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Is the new iphone prototype theft a tad suspicious …

… or am I over-reacting?

Steve Jobs and Apple are notoriously protective of their gadgets.  All details are kept under very high security wraps until the management are ready to release them in a highly visible marketing event. This makes sense for an organisation that keeps itself so prominent in the computer gadgets business.

Why then would they allow a 20-something year old technician to take it out on the town?  Apparently, this technician took the phone to a bar, introduced it to some German beers and anyone else who might be interested. The beers were so popular the phone got left behind in the bar.  This just doesn’t fit with the Apple high security and protectivism.

The finder sold the phone to a Gizmodo web editor who promptly blogged about it.  Now, the heavy hands at Apple have managed to have a police search of the home of the Gizmodo editor in case he should commit a felony with this phone. It’s all very odd. The fact that the police search is illegal under California law only adds to the strangeness.

Is it all a big publicity stunt?

If it is, is it a good one?  Yes, it gets people taking about the phone. It gets a reputable web site to dissect, analyse and talk about the phone. On the other hand, the parameters are poor – having a young employee lose the phone on a drinking binge is a tad silly.

Maybe, Apple are human after all.  Like in every organisation on the planet, their high level security has a hole in it on occasion? Perhaps.

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This type of business is not supposed to work

A significant feature of online business and marketing emphasises the need to interact with the customer, engage the customer, build a relationship with the customer. At the very very very least, don’t antagonise the customer unnecessarily. Yet Ryanair do so on a regular basis and somehow it doesn’t seem to matter.

The latest concerns the “lunatic” (the words of Ryanair) blogger who discovered a glitch in the Ryanair booking system. Read it here from the source. He got a hefty 400+ comments. The more in-your-face comments, however, came from Ryanair themselves. Read about it here and here.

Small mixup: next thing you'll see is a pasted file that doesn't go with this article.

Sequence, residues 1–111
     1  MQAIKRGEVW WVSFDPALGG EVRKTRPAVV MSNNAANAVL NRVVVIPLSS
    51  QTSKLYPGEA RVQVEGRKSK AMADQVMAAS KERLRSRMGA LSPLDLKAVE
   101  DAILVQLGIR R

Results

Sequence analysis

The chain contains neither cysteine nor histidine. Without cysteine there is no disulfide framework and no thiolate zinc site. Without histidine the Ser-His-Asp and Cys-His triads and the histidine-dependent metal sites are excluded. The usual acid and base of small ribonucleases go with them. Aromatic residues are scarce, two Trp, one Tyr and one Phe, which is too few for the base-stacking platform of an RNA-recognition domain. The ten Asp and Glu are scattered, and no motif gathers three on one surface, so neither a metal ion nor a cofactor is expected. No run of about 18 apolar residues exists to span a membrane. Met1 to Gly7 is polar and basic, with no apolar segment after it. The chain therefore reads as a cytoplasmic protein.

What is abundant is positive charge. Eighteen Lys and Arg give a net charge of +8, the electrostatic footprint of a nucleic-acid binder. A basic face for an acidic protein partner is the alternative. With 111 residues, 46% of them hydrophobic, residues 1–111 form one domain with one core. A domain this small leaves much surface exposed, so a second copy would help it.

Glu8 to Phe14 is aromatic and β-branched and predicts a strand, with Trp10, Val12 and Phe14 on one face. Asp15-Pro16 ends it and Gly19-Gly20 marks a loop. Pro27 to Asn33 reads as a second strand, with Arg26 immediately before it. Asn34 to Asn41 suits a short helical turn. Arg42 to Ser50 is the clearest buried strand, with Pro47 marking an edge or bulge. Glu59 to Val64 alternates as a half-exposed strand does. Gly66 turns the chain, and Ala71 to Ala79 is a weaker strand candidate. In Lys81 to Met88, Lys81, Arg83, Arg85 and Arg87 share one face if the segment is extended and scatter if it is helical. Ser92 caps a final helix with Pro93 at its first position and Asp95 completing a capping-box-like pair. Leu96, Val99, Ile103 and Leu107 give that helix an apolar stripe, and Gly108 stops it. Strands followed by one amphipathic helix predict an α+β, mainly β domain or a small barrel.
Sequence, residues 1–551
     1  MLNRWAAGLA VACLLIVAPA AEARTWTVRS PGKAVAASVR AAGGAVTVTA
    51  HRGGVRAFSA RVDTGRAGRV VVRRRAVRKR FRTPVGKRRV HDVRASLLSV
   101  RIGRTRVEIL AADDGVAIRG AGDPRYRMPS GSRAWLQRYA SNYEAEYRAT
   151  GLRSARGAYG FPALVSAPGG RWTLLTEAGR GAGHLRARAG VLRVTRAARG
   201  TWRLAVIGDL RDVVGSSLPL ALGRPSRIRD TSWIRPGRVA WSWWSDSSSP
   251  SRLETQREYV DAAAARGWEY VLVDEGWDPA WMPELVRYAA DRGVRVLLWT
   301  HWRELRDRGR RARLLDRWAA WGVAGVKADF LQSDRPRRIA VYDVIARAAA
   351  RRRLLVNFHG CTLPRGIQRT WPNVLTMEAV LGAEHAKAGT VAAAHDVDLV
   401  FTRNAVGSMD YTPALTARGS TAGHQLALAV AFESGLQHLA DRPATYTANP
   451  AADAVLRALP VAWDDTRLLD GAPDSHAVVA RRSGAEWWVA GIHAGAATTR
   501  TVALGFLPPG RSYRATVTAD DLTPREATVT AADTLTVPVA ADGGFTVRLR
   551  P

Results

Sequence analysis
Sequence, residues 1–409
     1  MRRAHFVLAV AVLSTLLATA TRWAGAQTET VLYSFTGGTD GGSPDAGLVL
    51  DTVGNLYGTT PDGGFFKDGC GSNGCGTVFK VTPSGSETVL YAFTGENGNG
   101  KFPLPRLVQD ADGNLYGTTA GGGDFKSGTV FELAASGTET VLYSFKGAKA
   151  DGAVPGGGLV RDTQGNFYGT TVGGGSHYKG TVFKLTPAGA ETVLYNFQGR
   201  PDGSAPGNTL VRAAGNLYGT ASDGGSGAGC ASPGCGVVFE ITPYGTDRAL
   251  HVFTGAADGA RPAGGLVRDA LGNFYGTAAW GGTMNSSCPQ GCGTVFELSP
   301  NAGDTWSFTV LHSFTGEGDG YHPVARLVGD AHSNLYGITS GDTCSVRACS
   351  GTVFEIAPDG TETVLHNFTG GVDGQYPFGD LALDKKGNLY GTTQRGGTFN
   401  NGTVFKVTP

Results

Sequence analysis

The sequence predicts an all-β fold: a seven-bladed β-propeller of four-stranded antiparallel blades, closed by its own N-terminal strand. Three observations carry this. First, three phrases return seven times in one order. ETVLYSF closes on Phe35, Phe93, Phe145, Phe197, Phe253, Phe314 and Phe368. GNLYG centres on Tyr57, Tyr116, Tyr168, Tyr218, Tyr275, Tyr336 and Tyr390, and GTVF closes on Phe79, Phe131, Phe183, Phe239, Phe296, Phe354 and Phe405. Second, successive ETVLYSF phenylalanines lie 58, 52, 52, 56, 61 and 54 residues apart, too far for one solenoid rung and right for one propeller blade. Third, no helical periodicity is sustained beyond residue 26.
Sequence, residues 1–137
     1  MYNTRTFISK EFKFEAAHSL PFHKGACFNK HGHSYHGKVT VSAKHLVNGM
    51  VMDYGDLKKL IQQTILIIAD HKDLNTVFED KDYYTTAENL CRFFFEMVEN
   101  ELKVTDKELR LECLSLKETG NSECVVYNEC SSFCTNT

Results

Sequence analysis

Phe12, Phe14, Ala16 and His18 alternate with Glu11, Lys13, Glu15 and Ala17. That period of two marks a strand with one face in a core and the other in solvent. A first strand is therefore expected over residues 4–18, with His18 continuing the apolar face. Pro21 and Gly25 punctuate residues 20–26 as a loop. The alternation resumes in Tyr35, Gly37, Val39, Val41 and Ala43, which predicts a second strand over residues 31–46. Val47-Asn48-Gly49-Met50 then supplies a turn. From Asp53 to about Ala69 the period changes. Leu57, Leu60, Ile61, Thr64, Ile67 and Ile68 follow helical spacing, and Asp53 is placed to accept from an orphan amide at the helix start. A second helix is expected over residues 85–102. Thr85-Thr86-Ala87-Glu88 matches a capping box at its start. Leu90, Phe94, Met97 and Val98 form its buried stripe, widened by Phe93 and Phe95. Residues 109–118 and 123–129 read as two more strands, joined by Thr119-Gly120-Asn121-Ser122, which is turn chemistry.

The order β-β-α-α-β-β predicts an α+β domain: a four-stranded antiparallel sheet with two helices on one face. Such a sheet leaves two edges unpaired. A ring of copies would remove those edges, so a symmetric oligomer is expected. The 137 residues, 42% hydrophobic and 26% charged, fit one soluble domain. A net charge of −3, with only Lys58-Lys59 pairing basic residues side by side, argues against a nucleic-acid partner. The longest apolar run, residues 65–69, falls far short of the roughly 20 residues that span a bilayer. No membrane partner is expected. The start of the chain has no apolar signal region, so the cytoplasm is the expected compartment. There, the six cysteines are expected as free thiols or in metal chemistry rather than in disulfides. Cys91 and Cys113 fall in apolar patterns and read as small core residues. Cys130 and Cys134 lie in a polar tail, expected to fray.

I find it hard to believe that there can a single school of business anywhere promoting the direct labeling of a customer as an idiot, a liar, stupid, a bragger, having a pathetic life. Yet, Ryanair have done exactly this.

Even more bizarre is that this dreadful example of customer service isn’t likely to make one jot of difference. Customers will continue to flock to Ryanair’s planes, even if they no longer use the bathroom facilities (!). In a recession, cheap flights are a cheap price to pay for lack of courtesy.

Can you think of any other product, organisation or industry where this might work?

Net ways to hit target

The headline on todays IT In Business from SPB is …. Bye bye blogs, hello Bebo!. The exclamation mark is all mine.  It’s all about marketing’s very tricky jobs of getting us finicky (and in-a-recession-so-not-spending-money) consumers to spend some money.

Thing is, marketing is tricky business. I know because I used to work in it (it was a long time ago), You try something and an exact measurement of how and to what extent it works is actually hard to measure.

The latest is that blogs are not the way to go. Engaging with the customer (called EWTC) for short is to be done through social networking sites like Bebo and Facebook.

The SPB tells us about the experience of Pat the Bakers (yup, the bread guys) and their adventures on Bebo. It seems to have given them a lot of interactive exposure (as opposed to the passive experience of watching the cheery guy on their tv ad telling us to wake up early), and it cost them a mere 1.2% of their advertising budget. How much of the 1.2% and customer interactivity can be turned into actual sales. Hmm, it cold be good!

Pat the Baker

Pat the Baker

Even if the sums cannot be computed, the relationship marketing can only be good. Building brand awareness is a big part of selling units of your branded products. The direct contact with customers is there to be used. An example is given by Brendan Hughes of FBD Insurance on exactly this. Personal contact with an irate poster initiated by Brendan turned a negative into a positive.

The human touch is never going to go out fashion. Now, we have tech tools to enhance that touch and organisations can be closer than ever to their customers. It’s a case of figuring out how to do it constructively.

Now, if only we could convince the 65% of orgs who block employee access to these sites to see the value…..